On Wednesday the 19th of November many thousands of students attended a rally in central London which called for an end to the reckless approach of the current government’s austerity measures, and specifically its dubious education policy. As per usual, this march suffered from a lack of mainstream media coverage and although well attended, such marches remain a fringe activity with many students not bothering to rock up on the day. There is a constant, nagging voice which suggests that these protests are meaningless displays of pointless antagonism. This could not be further from the truth. These protests represent a movement in dire need of greater momentum and engagement, not something to be written off so keenly.
To say that the protests continue to fall on deaf ears supposes that the powers that be are unable to listen. It is not simply our government’s incapacity to respond that is frustrating and deeply troubling, but its utter ineptitude. The reasoning that we should quit complaining because no positive response has been enlisted thus far misses the point; the protest is by nature a defiance of silent complicity, just as much as it is a cry for action. In failing to provide full support and backing for the recent campaign, the National Union of Students only confirms that it sold out years ago. For most, all the NUS represents is a poxy discount card whipped out for money off their cappuccino. With positions filled by CV builders and careerists using it as a stepping stone to mainstream politics, many feel disaffected with the representative power of the union.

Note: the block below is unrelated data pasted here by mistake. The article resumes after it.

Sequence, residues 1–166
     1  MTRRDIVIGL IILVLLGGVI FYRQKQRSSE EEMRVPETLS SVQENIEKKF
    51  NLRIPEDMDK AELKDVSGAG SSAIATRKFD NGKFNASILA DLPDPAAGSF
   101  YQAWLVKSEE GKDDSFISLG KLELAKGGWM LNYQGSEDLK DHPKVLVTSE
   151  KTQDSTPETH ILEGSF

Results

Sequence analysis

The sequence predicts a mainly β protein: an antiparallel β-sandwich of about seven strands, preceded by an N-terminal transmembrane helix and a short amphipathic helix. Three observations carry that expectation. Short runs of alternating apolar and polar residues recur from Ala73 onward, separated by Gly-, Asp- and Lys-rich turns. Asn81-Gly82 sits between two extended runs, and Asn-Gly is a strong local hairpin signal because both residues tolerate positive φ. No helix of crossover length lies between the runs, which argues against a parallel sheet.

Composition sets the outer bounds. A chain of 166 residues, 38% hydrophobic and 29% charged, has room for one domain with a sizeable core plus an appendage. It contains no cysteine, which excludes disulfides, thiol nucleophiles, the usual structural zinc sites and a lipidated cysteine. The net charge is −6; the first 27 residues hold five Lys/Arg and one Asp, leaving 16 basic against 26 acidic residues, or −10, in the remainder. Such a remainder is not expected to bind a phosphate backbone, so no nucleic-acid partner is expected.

Although correct in highlighting issues of accessibility for disabled students, the NUS complaint that there was an “unacceptable level of risk to our members” is baffling and alarmist. We do not live in a country where it is likely that student protestors will face bullets, although police conduct at these events is often questionable, and sadly brutality and excessive force occasionally rears its ugly face. If the NUS is concerned about the safety and welfare of its members then it should have placed full support behind a campaign which condemns the unacceptable education and general austerity policies of the current government.
The situation is the direct result of failure to engage on the part of each of us. In choosing the lie-in or Starbucks sojourn over the march and picket line, we actively contribute to an apathy which gives the green light to continued policy bumbling by our government. If joining the protests is seen as a fringe or radical activity by only the more politically vociferous amongst us, then policy drafters are less likely to make compromises when we do not demonstrate opposition at the ballot box.
Conservative promises of free market magic boosting standards, Labour’s flirtation with lower feess; neither of these is satisfactory. The protest movement should not end when a politician voices lacklustre support, or even when the political establishment recognises that free education is an inalienable right, but when tuition debt is cancelled, staff paid properly for their work and accessibility to higher education is no longer determined by socioeconomic background. Though a lofty and idealistic call, it seems more honest to shoot for the stars than to give in and thank parliament for the scraps they so generously toss from their banquet.